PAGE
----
I first moved to Suffolk, and to Hadleigh, with my wife Lindsay in 1971 when my job was relocated from Dollis Hill in London to Martlesham Heath.  Our first home in the town was a brand new house in Ann Beaumont Way but 8 years later we moved and for over twenty years we have lived in The Flying Chariot in Benton Street.

In those earlier years we were involved in the Brett Valley Society, which produced a variety of cultural events under the inspiration of Tom McIntosh. Whilst musical activities have continued over the years the town has perhaps lost out on some of the other events of that era. Bringing up a young family took much of our attention in the 80’s, together with a major initiation into the renovation of old buildings. Consequently we were not founder members of the Hadleigh Society, but like many other dwellers in a timber frame, we soon got to know John Bloomfield.

I have now been a member of the society for fifteen years, serving as vice chairman and chairman in that time. In 1995 I took the Hadleigh Society onto the World Wide Web, so it could almost be counted amongst the pioneers of the medium.  Although there has not been time in recent years to make dramatic changes to the website it continues to attract interest from near and far when people are researching the town or its people, past or present. An important resource which continues to grow is the newsletter archive which forms a substantial part of the content. 

I have spent most of my working life in the field of computing, starting with the Post Office (the GPO indeed), which was subsequently BT, and leaving in 1996. Being self-employed has proved to be at least as interesting and enjoyable as any earlier part of my career. Working in training and consultancy for computing and tele­communications has presented a variety of challenges, with several oversees assignments giving me the chance to travel to many interesting places in Asia and Africa as well as around Europe. 

The flexibility of my work has also given me the opportunity to take on the role of a parent governor at Hadleigh High School, another very worthwhile experience.

Next Event


The Organist and the Parlourmaid:

A Hadleigh Love Story, to be told by

Colin Stephenson

at the Old Town Hall

on Wednesday 21st August at 8pm.  

St Mary’s Church

A local subject and a local speaker again brought out the crowds to hear Roger Kennel point out so many fascinating features of St Mary’s Church.  It is unusual in Suffolk in having a spire.  The building we now see has changed in some way in every century.  The oldest part is the 12th century tower, gaining the 135ft spire in the 13th century. The walling was in place in the 14th century but the present windows are 15th century.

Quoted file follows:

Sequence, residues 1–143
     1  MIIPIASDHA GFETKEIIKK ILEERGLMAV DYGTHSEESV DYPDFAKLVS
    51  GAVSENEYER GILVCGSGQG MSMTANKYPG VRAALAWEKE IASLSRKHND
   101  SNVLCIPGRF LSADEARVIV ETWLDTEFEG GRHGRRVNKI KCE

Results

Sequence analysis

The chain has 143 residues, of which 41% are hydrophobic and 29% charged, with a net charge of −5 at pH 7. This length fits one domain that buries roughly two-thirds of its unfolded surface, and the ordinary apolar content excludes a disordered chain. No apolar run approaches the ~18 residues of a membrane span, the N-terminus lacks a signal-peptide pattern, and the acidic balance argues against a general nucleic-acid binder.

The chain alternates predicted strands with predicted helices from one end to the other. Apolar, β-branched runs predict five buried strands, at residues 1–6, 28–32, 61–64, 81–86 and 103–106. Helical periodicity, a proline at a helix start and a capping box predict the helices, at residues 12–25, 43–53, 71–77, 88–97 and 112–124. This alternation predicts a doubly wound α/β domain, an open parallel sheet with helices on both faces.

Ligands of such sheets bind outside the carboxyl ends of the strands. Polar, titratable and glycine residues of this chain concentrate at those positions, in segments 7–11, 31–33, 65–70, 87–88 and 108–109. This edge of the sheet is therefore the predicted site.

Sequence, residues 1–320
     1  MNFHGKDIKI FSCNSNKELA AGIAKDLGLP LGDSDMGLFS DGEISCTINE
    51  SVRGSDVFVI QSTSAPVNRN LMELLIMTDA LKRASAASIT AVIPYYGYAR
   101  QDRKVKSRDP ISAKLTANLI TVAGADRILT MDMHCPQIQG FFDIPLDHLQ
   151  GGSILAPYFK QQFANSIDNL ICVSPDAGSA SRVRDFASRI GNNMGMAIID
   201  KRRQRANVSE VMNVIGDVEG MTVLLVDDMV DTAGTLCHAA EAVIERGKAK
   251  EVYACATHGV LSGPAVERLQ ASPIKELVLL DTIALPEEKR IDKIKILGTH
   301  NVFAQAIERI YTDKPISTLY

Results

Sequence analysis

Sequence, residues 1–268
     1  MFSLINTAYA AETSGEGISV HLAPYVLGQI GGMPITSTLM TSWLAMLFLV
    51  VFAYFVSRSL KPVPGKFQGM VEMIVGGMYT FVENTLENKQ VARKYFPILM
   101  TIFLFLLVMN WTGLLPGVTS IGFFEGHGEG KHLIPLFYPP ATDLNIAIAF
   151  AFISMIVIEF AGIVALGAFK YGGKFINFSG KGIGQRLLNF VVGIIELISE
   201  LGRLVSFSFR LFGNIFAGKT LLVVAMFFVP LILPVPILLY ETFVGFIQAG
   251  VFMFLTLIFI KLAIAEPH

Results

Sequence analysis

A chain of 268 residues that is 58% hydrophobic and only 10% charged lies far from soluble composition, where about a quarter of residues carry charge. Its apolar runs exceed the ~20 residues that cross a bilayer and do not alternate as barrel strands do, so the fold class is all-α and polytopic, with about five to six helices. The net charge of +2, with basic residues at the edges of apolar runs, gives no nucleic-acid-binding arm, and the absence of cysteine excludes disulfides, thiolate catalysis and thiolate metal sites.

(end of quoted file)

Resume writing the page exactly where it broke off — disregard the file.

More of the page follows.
Thus it was about 1450 that the church as we know it was finally formed. It would have had some fine medieval glass but Dowsing put an end to that in 1644, leaving just a few fragments.  A great loss, but the replacements of 1653 in the North Chapel have their own interest: 4 black faces.  Many old pictures reveal how the church used to be, the most obvious feature now missing being the Guild Porch, removed in 1855. The inner and outer arches now grace the boundary wall to the churchyard, complete with one of the original doors. The spire has changed over the years, now being of the broach type but previously having had a parapet around the tower. It houses 8 bells, with the outside hung sanctus being one of the oldest in the county.

As we would expect, Roger made us look closely at the details around the walls. Like any building there was provision for scaffold poles and if you look closely you can still see where the pudlog holes were filled in. We all can see the buttresses, but look at how those around the chancel are taller and carry flushwork, reflecting its greater importance.  That same theme applies inside the building, where the arches around the chancel carry mouldings whereas those to the nave are plain. Looking between the buttresses, Roger pointed to how the windows were irregularly spaced.  He had promised to leave us with questions unanswered, and this was one of them. Another unexplained aspect is the alignment of the church, being about 15 degrees from true East-West. 

We can expect many more people taking a closer look at the church in the near future.


The Twentieth Annual General Meeting held on Thursday 27th June 2002 in Hadleigh Old Town Hall